These aren’t corporate or university researchers, but teenagers in Minnesota’s 4-H Science of Agriculture Challenge, which aims to nurture the next generation of agricultural scientists for a country facing a critical shortage. A study last year by the U.S. Department of Agriculture and Purdue University found that nearly 60,000 high-skilled agriculture-related jobs open up annually, but there are only about 35,000 college graduates available to fill them.
University of Minnesota Extension is developing the challenge, which is now in its second year and already attracting interest from other 4-H programs, such as Michigan’s. Extension specialist Josh Rice says his team will present a workshop for national 4-H officials in October, and recently gave a presentation to youth development officials in Bangladesh.
Minnesota 4-H offers Co-op Calf, Co-op Swine projects for youths
(May 2016, Agweek) Morgan Junker and McKenzie DeGroot know a thing or two about leading their calves around the farm yard, but put them in a pen with their pigs and they shriek like they’re under attack from the curious swine. The girls are among a growing group of 4-H members enrolling in the livestock project in Nobles County, thanks to a program geared to teaching them about production agriculture and new experiences. For the past eight years, Nobles County has offered its 4-H members — from ages 5 to 19 — a Co-op Calf project. In its inaugural year, they had 18 participants, said Darren Ponto, Quality Assurance Manager for New Vision Cooperative, the company that helped launch the project for local youths. While it’s had its ups and downs over the years, the program has 24 participants this year.
Local 4-H members participate in hands-on experiment
(April 2016, KIMT 3) Students from around the state are teaming up with mentors to develop science-based responses to agriculture-related issues that are common in their communities. Today, the students are trying to improve the efficiency of engines that are fueled by ethanol. They are testing the fuel ejection systems and also emissions levels. So they can compare how the engine runs with and without a muffler. They will present their project to a panel of professors and business people put together by the University of Minnesota 4- H extension in June.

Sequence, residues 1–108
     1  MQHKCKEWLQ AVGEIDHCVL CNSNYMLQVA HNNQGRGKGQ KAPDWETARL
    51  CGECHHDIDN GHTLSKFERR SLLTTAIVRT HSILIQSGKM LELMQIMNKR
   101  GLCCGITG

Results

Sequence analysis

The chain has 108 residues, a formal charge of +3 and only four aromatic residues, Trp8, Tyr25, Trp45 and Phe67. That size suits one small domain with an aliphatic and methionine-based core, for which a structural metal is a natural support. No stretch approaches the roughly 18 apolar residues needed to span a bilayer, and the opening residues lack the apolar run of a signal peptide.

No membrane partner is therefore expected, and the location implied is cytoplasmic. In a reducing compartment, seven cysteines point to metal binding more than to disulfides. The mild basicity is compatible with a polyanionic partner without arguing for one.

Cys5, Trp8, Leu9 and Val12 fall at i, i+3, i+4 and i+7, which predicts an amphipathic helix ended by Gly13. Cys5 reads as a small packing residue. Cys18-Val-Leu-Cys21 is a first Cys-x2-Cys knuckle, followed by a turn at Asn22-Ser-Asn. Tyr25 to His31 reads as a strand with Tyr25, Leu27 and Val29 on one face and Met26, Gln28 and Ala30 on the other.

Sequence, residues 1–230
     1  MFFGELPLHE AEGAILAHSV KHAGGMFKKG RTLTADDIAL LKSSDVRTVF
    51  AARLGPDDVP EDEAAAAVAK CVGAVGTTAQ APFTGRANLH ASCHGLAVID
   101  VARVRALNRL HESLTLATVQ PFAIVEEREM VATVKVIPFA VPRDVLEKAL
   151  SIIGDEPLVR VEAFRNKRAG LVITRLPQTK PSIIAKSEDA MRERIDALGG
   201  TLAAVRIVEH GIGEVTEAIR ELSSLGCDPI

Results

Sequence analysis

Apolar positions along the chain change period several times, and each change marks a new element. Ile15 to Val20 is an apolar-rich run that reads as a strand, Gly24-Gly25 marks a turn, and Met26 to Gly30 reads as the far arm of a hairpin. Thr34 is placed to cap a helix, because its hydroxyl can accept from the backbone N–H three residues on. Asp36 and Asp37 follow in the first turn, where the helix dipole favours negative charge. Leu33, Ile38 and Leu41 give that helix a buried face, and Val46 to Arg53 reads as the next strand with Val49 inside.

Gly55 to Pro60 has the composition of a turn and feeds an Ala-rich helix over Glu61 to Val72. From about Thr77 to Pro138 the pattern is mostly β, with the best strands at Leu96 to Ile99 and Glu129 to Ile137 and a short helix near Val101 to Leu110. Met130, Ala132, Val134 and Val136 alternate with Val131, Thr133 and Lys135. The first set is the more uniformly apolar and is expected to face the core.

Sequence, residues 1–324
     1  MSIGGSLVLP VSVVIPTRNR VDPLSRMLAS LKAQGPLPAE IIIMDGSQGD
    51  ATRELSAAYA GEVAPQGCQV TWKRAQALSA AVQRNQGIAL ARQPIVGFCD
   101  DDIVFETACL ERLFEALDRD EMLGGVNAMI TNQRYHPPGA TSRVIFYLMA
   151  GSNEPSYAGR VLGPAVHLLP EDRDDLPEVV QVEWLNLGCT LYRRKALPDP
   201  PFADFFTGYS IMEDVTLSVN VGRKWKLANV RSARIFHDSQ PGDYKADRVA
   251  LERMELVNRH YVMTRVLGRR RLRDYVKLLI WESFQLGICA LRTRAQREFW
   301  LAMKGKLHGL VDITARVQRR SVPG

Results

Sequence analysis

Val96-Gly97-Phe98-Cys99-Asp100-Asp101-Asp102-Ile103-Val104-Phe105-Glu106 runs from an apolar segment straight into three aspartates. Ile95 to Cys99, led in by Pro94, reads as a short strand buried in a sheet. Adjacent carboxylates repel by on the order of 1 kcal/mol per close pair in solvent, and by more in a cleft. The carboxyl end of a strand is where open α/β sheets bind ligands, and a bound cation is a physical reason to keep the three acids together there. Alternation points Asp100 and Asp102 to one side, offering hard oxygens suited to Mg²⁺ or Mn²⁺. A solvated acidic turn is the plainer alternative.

Youth selected to represent Minnesota 4-H at 2016 National 4-H Conference
(March 2016, The Midweek Inc.) Minnesota will be represented by an outstanding group of 4-H’ers at the 2016 National 4-H Conference in Washington, D.C. on April 9-14, 2016. The Minnesota 4-H delegation includes: Expedit Rypa (Ramsey), Genevieve Benson NiCheallachian (Hennepin), Nina Buchanan (Chippewa), Rosemary Edberg (Kanabec), Martyn Novacek (Roseau), Megan Slater (Washington), and Klarissa Walvatne (Otter Tail West).
The annual National 4-H Conference – administered by 4-H National Headquarters of the National Institute of Food and Agriculture within the U.S. Department of Agriculture – empowers youth to become well-informed citizens and social change agents who are actively engaged in their communities and the world. 4-H youth delegates have an opportunity to explore complex public issues and possible solutions through research and dialogue. The delegates choose an important societal topic and prepare a briefing working in round-table groups. During the conference, the groups present their briefing to federal officials around the Washington, D.C. area. Delegates also participate in a “Taking it Home” Community Action Plan process that helps them take what they learn at the conference and use it to address an issue back in their home communities.
West Otter Tail County 4-H’ers learn to lead at 4-H BLU
(February 2016, The Midweek Inc.) In February, more than 500 youth from across Minnesota gathered to participate in the annual 4-H Building Leadership and Understanding (BLU) youth leadership conferences. The five regional BLU leadership events were filled with exciting and fun activities that help youth learn and practice valuable leadership skills that they will be able to take back with them to their counties and communities, and use throughout their lives.